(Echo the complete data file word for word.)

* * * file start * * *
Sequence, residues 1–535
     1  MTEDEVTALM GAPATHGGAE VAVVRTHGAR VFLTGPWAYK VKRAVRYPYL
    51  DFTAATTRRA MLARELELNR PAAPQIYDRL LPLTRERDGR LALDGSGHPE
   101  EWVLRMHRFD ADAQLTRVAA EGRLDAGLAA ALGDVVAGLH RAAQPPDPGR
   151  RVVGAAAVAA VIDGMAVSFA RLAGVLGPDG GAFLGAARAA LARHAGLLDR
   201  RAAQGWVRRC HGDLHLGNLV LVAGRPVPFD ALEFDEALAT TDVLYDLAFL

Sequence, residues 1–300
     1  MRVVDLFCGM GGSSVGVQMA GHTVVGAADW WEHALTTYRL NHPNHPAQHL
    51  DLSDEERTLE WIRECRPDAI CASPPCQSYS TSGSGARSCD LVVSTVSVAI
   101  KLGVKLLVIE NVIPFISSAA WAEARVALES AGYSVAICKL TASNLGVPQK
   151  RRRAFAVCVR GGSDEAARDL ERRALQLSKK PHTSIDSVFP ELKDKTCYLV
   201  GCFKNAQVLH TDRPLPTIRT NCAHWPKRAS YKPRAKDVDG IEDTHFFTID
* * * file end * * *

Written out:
Sequence, residues 1–535
     1  MTEDEVTALM GAPATHGGAE VAVVRTHGAR VFLTGPWAYK VKRAVRYPYL
    51  DFTAATTRRA MLARELELNR PAAPQIYDRL LPLTRERDGR LALDGSGHPE
   101  EWVLRMHRFD ADAQLTRVAA EGRLDAGLAA ALGDVVAGLH RAAQPPDPGR
   151  RVVGAAAVAA VIDGMAVSFA RLAGVLGPDG GAFLGAARAA LARHAGLLDR
   201  RAAQGWVRRC HGDLHLGNLV LVAGRPVPFD ALEFDEALAT TDVLYDLAFL

Sequence, residues 1–300
     1  MRVVDLFCGM GGSSVGVQMA GHTVVGAADW WEHALTTYRL NHPNHPAQHL
    51  DLSDEERTLE WIRECRPDAI CASPPCQSYS TSGSGARSCD LVVSTVSVAI
   101  KLGVKLLVIE NVIPFISSAA WAEARVALES AGYSVAICKL TASNLGVPQK
   151  RRRAFAVCVR GGSDEAARDL ERRALQLSKK PHTSIDSVFP ELKDKTCYLV
   201  GCFKNAQVLH TDRPLPTIRT NCAHWPKRAS YKPRAKDVDG IEDTHFFTID